Director Peter Jackson took to Facebook today to officially announce that The Hobbit will be three movies, rather than two, as originally planned. In his statement, he wrote that he and partner Fran Walsh had recently watched the footage and asked themselves, "Do we take this chance to tell more of the tale? And the answer from our perspective as the filmmakers, and as fans, was an unreserved 'yes.'" Jackson continued on to say, "So, without further ado and on behalf of New Line Cinema, Warner Bros. Pictures, Metro-Goldwyn-Mayer, Wingnut Films, and the entire cast and crew of 'The Hobbit' films, I'd like to announce that two films will become three."
There is no word yet on whether this decision will affect the previously announced release dates for the two movies, An Unexpected Journey and There and Back Again.
Photo courtesy of Warner Bros. Pictures
Steven Spielberg and Peter Jackson team up on the upcoming film The Adventures of Tintin (Spielberg in the director's chair and Jackson as producer), and the motion capture animated film opened Hall H at Comic-Con this morning. The film is based on a European comic strip about an ambitious reporter, and features the voices of Daniel Craig, Simon Pegg, and Jamie Bell. After the panel, Spielberg and Jackson did a press conference with reporters to talk more about what it was like making the film. Here are some highlights:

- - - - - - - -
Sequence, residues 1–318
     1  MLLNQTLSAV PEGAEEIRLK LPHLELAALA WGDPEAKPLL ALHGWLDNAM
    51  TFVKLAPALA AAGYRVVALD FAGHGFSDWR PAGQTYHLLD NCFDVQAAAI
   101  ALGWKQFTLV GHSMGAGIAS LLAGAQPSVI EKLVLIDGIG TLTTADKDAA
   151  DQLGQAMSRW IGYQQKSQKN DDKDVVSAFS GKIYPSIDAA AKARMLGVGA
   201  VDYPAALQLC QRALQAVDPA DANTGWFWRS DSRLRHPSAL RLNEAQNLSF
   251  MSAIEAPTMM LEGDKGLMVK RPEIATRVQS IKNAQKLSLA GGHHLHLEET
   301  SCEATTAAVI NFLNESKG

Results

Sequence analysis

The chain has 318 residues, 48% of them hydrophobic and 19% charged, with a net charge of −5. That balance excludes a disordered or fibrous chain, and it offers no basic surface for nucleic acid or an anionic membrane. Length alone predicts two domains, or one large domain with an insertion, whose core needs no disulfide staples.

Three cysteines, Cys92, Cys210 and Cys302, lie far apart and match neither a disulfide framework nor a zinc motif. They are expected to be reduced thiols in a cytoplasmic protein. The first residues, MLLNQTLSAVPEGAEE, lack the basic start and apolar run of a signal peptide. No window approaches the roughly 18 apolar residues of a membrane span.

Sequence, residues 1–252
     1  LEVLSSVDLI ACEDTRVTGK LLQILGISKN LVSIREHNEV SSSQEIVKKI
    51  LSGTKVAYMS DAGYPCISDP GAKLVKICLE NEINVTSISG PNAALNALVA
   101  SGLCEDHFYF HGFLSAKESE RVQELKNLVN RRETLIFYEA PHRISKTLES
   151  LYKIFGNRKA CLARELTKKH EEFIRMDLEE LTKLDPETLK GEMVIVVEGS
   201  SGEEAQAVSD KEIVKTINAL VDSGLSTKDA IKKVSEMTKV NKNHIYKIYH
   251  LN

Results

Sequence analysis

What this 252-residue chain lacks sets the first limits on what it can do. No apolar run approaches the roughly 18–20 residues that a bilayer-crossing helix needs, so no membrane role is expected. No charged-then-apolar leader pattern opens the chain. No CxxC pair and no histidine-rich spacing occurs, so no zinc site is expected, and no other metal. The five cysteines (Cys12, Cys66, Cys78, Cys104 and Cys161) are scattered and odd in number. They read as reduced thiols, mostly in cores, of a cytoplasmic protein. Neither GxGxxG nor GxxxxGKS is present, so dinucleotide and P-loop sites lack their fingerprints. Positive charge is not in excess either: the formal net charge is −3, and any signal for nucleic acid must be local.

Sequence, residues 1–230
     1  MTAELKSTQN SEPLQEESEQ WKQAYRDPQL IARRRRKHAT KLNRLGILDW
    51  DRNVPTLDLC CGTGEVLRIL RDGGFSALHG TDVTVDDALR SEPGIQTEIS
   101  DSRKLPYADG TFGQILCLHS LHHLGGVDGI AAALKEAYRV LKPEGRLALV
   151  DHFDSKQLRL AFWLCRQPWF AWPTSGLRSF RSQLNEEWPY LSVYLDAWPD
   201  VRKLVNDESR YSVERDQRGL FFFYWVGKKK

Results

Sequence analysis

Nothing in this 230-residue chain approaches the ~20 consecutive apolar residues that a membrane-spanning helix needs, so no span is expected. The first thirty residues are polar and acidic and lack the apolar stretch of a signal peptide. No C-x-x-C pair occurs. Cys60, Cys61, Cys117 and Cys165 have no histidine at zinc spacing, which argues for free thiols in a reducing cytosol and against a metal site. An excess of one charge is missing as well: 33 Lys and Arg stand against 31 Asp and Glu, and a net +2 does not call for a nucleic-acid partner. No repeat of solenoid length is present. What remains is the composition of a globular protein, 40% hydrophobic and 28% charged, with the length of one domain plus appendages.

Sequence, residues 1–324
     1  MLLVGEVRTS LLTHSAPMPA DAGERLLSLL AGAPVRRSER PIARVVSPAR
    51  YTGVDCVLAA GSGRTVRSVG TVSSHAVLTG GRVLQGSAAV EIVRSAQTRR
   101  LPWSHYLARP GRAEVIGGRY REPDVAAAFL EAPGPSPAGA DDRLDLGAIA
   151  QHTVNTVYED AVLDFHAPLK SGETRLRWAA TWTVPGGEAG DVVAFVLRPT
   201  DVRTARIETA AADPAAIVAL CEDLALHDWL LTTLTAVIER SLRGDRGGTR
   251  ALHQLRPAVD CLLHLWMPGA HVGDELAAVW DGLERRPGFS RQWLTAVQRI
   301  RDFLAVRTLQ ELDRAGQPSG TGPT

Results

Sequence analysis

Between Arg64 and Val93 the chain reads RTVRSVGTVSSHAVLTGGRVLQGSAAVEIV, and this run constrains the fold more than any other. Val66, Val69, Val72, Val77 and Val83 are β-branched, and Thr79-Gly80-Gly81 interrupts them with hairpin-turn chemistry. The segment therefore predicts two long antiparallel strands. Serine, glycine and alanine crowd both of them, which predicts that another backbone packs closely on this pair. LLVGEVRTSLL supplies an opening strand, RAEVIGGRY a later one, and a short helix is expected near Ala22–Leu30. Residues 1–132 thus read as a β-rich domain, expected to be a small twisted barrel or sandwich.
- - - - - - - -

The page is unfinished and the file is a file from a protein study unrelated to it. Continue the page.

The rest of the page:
On feeling more comfortable with live action films:
Peter Jackson: "We can't use computers, either of us. I can hardly send emails."
On working with actors in motion capture, where they don't have costumes or makeup:
Steven Spielberg: "It all comes down to the actors looking each other in the eyes, that's where all the comedy or the drama happens. The truth of those performance is when they're acting together. Actors just need each other to act together. I think that's the secret of great acting: you have to bring your imagination to the part."
On making movies in the digital age:
SS: "It may be a digital era, but it's still an analog era in terms of telling a good story. There's nothing of greater importance than the story. . . . The medium is not the message but the characters, and the story and the plot is. If any movie is working, hopefully how it was made is not a concern — you only want to have a good time."
On Tintin being a movie for a wide audience: